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Topdressing is in high demand: How to profit from this growing, high-value service


December 9, 2011
By Mike Jiggens


Topics

Topdressing is a fundamental practice in the maintenance of sports
fields, golf courses, and residential lawns. No wonder this natural,
efficient service is gaining in popularity.

Using sustainable practices is ranked high in our daily life and, for a business owner who wants to maintain a profitable business, topdressing represents a great way to share in an expanding market—and do so responsibly and with sustainability.

What is topdressing?

Topdressing is the direct application of a layer of soil mixture onto grass. The thickness of this layer varies from one-eighth to a quarter-inch. Topsoil is usually used for sports fields, but a soil containing at least 75 per cent compost is recommended for residential lawns.

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Why should we topdress?

Whether it is included in a maintenance program or used to restore damaged lawns, topdressing with compost offers many advantages that are usually found in other maintenance procedures but separately. According to Roy Gross, from St. Louis Composting, “We are looking for results when we decide to topdress.”

Topdressing, when applied correctly, rejuvenates a lawn and has a beneficial effect on flowers, trees, and shrubs. The application of one single layer of compost fulfills between 50 to 100 per cent of the annual fertilizing needs. Compost is the only slow-releasing soil amendment containing all of the necessary nutrients. Furthermore, compost significantly improves water retention and the soil structure, stimulates microbial activity, breaks down thatch, and neutralizes the pH. It is a miraculous cure for your lawn and the results are outstanding.

New equipment

Golf courses and sports turf managers are topdressing fans. They are able to topdress between two and four times a year because they work with high-capacity, tractor-drawn equipment. In recent years, the emergence of new, efficient and easy-to-use equipment that is suitable for residential areas allows landscapers to provide professional topdressing services and respond to increasing demands from customers.

Scott Morrison, from Morrison Power Equipment in Plymouth, Mass., states: “We saw the same phenomenon with the introduction of the aerator in the 1990s. Before that, soil aeration was only used on sports fields and golf courses. Today, all professional lawn care companies provide this service in residential areas.”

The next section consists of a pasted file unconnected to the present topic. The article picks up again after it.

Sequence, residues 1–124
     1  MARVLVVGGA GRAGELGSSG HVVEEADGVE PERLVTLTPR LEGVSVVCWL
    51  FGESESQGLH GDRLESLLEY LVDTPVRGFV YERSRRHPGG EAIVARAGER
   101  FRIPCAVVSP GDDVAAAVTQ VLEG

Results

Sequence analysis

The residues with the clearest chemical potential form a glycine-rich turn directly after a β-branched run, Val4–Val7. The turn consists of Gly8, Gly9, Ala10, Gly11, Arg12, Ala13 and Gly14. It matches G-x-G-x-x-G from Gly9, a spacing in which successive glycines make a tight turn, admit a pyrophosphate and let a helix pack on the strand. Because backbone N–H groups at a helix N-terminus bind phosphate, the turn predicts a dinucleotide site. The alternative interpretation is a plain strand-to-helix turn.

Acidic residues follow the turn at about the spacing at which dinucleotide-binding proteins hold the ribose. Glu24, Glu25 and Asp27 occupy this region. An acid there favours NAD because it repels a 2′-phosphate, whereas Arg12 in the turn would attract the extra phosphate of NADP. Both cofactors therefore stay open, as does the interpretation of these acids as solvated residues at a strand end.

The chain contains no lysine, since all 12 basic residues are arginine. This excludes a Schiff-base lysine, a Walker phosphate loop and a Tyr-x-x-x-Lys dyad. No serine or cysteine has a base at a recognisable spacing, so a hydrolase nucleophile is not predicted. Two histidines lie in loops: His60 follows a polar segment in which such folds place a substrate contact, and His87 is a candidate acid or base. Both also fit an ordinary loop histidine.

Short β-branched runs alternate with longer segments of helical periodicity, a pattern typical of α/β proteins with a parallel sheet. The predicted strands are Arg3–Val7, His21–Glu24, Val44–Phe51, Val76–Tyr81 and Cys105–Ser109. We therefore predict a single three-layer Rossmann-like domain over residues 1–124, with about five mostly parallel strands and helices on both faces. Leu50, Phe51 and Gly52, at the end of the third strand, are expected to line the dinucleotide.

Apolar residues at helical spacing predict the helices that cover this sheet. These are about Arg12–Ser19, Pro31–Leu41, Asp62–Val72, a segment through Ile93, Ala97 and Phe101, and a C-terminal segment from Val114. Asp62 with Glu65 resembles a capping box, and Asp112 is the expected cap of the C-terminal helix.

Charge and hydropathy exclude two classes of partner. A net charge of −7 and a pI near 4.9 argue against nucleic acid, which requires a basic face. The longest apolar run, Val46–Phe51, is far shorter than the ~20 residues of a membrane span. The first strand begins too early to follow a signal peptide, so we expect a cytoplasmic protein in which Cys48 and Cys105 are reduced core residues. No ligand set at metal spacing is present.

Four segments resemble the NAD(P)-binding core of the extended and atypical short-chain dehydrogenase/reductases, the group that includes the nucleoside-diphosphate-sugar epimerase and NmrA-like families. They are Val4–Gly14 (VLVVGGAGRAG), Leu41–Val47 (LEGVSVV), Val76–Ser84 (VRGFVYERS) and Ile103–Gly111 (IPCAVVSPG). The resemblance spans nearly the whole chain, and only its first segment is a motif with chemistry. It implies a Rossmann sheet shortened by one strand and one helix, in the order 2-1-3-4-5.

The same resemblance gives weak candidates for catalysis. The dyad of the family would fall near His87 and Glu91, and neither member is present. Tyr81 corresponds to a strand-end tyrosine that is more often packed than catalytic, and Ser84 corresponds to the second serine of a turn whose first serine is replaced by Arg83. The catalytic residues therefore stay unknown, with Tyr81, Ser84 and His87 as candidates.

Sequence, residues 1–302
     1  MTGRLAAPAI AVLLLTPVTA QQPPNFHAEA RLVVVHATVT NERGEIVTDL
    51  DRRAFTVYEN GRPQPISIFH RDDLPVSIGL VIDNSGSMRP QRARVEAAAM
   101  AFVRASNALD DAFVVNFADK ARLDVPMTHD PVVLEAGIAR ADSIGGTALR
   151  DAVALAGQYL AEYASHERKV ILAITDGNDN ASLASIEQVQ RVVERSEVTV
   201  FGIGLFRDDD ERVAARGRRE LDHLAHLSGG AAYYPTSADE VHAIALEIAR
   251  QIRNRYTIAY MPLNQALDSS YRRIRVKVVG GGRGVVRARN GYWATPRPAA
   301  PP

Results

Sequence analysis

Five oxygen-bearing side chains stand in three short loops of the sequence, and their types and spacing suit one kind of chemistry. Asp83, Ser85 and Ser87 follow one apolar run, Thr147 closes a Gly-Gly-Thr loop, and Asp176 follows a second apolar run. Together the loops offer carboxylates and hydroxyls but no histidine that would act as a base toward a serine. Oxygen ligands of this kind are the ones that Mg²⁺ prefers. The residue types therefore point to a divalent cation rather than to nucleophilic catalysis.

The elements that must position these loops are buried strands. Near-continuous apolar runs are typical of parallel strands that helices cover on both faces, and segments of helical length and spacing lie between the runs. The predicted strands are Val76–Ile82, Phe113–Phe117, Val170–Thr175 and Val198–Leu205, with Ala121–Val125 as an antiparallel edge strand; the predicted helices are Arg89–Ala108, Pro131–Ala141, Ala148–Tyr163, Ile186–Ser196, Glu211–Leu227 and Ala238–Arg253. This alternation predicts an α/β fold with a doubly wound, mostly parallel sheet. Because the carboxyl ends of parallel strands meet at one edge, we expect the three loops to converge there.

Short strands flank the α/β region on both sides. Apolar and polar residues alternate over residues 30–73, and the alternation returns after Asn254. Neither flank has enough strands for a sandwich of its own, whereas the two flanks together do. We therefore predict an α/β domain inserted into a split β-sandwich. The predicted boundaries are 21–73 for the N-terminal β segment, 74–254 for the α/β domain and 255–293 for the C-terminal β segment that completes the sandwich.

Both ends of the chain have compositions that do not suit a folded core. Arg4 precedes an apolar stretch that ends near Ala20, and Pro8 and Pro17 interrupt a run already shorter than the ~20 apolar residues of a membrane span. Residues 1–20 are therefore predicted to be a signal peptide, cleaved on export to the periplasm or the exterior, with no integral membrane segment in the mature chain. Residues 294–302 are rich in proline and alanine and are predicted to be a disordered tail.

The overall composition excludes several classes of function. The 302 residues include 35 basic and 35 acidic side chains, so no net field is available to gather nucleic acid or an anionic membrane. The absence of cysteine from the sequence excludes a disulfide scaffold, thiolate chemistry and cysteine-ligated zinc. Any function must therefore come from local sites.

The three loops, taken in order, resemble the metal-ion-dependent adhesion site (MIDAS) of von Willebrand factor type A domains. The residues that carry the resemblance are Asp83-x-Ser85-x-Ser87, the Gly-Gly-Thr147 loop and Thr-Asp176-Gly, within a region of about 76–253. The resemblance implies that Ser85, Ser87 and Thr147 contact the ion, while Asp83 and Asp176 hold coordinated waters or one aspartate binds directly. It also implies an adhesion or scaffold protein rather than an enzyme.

Expand your customer base

Topdressing allows lawn care professionals to offer a new service that is not a gimmick, but rather an effective addition to their other services—increasing their market share and their revenue. 

Dustin McGehee, Greenside Outdoor Services, Louisville, Ken., offers this perspective: “In order to maintain and expand my business, I had two choices: either offer the lowest bid or offer something different. So, I chose topdressing. This method allowed me to stand out from my competitors and acquire new customers.”
Estimates: The best way to determine the cost you will charge your clients is by counting the cubic yardage. You need to measure the dimensions of the area that will be topdressed.

For topdressing, the application rate is one cubic yard per 2,000 square feet.

For turf renovation, the application rate is one cubic yard per 1,000 square feet.

Multiply the cost of the compost, including delivery, by four or five, depending on the use:

Compost cost x 4 for commercial (or any area over 10,000 square feet.)

Compost cost x 5 for residential (or any area less than 10,000 square feet.)

Educate your clients: We are all concerned about our health and the quality of our environment. Having less pesticides and synthetic fertilizers on our land—or avoiding them altogether—is the key to a healthy and safer environment. To accomplish this, you need to turn your attention to the soil. The principle is simple: healthy soil produces healthy plants. That’s what compost topdressing is all about!

Timing: Spring and fall are generally the best periods for topdressing turf. To obtain maximum results, the yard should be mowed prior to topdressing. After topdressing, the yard should be watered regularly for two to three days.

Conclusion

Once reserved for sports fields and golf courses, topdressing is now increasingly popular among residential and commercial clients. Where previously bulky tractor-driven applicators made it prohibitive, new equipment created specifically for residential and smaller commercial lawn care gives landscapers the opportunity to provide professional and profitable services to their clients.

Article courtesy Ecolawn, http://www.ecolawnapplicator.com.